“Military medicine is what first inspired me, but I thought I was too old for the military,” said Espinoza. “But they desperately need doctors.”
While she’s not serving on Reserve duty, Espinoza plans to work in South Sudan, a struggling country where she has been working and traveling for over six years–first being trained by the South Sudanese when she was a medical student–not teaching and practicing as a doctor.
“With each trip, I can do more, because I’ve learned more here at Cedars-Sinai.”
Above all, residency has been the challenge of her lifetime.
“With medicine and obstetrics specifically, there are no permissible errors,” said Espinoza. “It’s the same as flying jets–there is a certain level of intensity and desire to execute perfection, which drives and motivates me to work harder every single day.”
But, as Espinoza knows, whether in war or in medicine, mistakes are inevitable.
“I start each day with a sense of humility and respect for human life and for people across all socioeconomic levels,” she said. “That humility comes from seeing a lot of bad things happen and knowing I, too, have made mistakes. But every day is an opportunity to try to do better, let go and forgive ourselves.”
And at a time in her life when many people would be slowing down, Espinoza is relishing her uncharted journey ahead.
“I have been blessed with a rich life and experiences, but without question–the most magical, beautiful thing I have ever experienced in my life or career is being in the room when a baby is born,” she said. “Any pain, loss, or hurt parents may have previously felt evaporates the split second their baby is born. Witnessing and participating in birth is the privilege of a lifetime.”
This story, video and photos originally appeared on the Cedars-Sinai Medical Center website. They have been published here with permission from Cedars-Sinai.
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What began as a research project in the United Kingdom turned into an award-winning presentation at an international medical conference. And now, for lead author Jenna Kroeker and her St. George’s University colleagues, that research has been published one of the US’ most prestigious anatomy journals—Clinical Anatomy.
“Our team was the perfect blend of strengths, and we all came together and did what we were good at,” she said. “We’re thrilled. It was a total team effort.”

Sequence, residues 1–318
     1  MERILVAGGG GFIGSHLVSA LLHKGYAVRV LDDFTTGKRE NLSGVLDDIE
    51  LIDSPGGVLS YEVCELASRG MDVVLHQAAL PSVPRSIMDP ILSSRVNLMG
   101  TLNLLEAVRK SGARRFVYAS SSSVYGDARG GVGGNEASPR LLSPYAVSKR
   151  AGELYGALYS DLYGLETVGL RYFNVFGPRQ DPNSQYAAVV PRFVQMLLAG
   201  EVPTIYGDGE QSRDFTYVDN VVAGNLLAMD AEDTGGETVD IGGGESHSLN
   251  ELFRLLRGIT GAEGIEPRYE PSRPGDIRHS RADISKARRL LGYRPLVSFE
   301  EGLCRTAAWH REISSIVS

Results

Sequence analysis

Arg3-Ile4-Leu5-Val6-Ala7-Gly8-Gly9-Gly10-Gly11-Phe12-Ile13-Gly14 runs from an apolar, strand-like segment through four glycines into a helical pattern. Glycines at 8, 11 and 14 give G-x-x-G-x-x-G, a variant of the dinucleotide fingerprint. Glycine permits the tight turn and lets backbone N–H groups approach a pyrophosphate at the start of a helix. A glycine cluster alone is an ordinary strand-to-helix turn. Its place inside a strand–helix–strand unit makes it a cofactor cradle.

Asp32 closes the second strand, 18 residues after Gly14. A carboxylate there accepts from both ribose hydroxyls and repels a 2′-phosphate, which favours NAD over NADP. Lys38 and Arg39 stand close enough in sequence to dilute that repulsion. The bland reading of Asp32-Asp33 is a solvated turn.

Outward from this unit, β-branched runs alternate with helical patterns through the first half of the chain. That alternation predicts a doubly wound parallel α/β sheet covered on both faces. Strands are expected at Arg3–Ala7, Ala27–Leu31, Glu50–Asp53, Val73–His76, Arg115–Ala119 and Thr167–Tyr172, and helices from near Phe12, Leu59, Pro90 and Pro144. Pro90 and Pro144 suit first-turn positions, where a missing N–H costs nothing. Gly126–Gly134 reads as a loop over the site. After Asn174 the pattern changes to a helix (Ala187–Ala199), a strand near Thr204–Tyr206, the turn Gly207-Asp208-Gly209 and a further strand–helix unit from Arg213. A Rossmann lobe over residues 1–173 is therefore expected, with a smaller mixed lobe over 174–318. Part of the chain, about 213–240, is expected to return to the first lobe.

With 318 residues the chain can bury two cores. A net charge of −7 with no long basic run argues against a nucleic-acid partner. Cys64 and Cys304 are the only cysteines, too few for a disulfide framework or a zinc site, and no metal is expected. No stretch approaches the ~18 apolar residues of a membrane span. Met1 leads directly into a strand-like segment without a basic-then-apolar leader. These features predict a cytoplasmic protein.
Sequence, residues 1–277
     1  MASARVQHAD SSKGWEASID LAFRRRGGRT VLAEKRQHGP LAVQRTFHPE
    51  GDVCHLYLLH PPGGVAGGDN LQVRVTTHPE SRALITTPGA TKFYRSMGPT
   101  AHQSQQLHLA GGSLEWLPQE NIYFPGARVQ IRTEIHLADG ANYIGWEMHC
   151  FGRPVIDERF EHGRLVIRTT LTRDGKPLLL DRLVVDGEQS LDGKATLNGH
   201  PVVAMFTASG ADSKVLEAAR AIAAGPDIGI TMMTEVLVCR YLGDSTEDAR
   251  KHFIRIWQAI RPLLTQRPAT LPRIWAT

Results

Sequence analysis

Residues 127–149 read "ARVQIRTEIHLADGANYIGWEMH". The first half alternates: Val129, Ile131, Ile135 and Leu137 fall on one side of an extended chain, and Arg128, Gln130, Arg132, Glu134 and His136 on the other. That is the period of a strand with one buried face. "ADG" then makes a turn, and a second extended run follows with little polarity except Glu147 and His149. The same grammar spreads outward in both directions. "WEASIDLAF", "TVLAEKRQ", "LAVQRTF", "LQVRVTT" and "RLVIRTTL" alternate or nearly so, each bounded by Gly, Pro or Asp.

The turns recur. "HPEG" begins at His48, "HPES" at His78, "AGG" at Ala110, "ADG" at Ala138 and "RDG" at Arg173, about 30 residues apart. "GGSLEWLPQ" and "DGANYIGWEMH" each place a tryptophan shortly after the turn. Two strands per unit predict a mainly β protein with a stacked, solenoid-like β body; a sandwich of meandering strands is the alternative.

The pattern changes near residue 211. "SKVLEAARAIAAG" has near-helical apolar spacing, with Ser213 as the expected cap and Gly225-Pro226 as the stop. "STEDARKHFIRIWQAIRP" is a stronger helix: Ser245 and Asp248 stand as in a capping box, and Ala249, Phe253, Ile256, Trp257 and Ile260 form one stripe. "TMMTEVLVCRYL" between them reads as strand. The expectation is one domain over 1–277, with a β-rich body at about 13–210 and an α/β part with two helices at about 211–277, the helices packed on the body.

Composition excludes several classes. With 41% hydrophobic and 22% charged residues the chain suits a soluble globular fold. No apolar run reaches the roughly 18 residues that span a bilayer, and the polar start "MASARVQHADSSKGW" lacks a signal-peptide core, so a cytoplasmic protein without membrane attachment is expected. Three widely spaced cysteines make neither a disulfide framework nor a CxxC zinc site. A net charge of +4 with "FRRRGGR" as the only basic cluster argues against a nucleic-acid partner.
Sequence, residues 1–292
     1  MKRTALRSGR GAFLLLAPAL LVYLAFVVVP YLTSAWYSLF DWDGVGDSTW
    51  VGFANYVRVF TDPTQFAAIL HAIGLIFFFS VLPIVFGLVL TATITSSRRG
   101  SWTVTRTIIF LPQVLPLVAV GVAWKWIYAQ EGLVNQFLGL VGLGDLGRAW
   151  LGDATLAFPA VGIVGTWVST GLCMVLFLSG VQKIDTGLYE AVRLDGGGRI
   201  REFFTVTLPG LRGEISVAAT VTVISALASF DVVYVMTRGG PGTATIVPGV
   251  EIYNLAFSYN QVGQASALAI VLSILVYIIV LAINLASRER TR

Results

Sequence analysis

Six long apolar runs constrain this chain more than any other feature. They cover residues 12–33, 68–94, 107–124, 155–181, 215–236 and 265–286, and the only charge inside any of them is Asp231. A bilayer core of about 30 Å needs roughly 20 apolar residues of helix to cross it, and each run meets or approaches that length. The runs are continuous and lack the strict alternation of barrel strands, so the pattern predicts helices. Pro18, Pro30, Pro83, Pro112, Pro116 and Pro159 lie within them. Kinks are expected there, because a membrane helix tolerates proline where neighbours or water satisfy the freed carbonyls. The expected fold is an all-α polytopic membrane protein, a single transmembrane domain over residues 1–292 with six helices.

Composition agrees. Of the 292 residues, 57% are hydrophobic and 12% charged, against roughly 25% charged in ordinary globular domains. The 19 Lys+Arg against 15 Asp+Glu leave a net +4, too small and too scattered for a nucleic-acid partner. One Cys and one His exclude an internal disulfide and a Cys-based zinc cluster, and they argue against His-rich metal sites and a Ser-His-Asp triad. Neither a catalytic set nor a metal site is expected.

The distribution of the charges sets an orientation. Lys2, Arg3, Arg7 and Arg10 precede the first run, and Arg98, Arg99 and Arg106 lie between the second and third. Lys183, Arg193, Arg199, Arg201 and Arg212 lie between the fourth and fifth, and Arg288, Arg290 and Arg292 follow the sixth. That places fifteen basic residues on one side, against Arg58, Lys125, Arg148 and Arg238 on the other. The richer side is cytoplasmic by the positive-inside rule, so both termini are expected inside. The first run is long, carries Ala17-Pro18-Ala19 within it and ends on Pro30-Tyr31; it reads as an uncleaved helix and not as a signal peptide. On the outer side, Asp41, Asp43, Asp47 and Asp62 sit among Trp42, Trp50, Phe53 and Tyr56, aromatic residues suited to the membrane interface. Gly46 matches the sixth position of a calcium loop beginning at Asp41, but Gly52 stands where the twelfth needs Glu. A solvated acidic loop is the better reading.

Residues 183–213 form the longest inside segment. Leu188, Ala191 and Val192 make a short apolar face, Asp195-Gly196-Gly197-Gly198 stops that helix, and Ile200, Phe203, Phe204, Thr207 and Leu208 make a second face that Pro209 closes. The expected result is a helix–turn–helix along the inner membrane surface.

The research stemmed from SGU’s Ultrasound Selective, a course designed by Dr. James Coey, Associate Course Director for Human Gross and Developmental Anatomy at Northumbria University, and Dr. Sara Sulaiman, Senior Lecturer in Anatomy at NU, to introduce students to the research cycle and further their anatomical knowledge. A seven-student team that included Kroeker utilized ultrasound to learn how prolonged use of a rigid cervical collar, commonly known as a neck brace, affected the dimensions of the internal jugular vein, which drains the head through the neck.
Twenty-four volunteers wore the cervical collar for a period of four hours, and each student was assigned a specific task in order to standardize the research. Roles included fitting the collar to subjects, measuring their height and weight, conducting the ultrasound, and calculating measurements.
They discovered that “the dimensions of the internal jugular vein increase when wearing a collar, suggesting that there is a venous outflow obstruction with prolonged use.”
Ms. Kroeker then created a poster with the input and support of Drs. Coey and Sulaiman. She presented the research at last July’s annual meeting of the American Association of Clinical Anatomists, gaining high praise from its attendees.
“We definitely weren’t expecting anything near this level of success or interest,” Ms. Kroeker said. “I flew into the conference a bit late because of classes and arrived to find out that there was a lot of buzz about our research.”
Out of 120 posters, the cervical collar research was voted the Sandy C. Marks Jr. Student Poster Presentation Award for clinical anatomy at the meeting. She submitted a paper to Clinical Anatomy in December 2017, and after a rigorous editing process, it was officially accepted in August 2018.
Its appearance comes during Ms. Kroeker’s third-year clinical rotations at St. Vincent Mercy Medical Center in Toledo, after which she will gear up for the residency application process. In addition to the research award and publication, she has soared in the classroom and on exams, posting an exceptional score on the United States Medical Licensing Examination Step 1.
“What I’ve found is that I enjoy understanding over memorizing,” Ms. Kroeker said. “Rather than just memorizing a list of symptoms for each disease, it’s important to understand exactly every element from pathogenesis to presentation, to understand how every presentation traces back to an underlying cause.”
She also appreciates the guidance of her twin sister, Lauren, a fourth-year medical student who is slated to graduate from SGU this spring.
“It’s nice having someone I know who learns the same way I do,” Ms. Kroeker said. “You can get advice but it might not always be the best advice for you. With my sister, I always had someone who could tell me what to expect each step along the way. If I had a question, she could always explain the answer in a way that made sense.”
Ms. Kroeker, who’s originally from Edmonton, hopes to match into a residency program back in Canada upon graduating in 2020.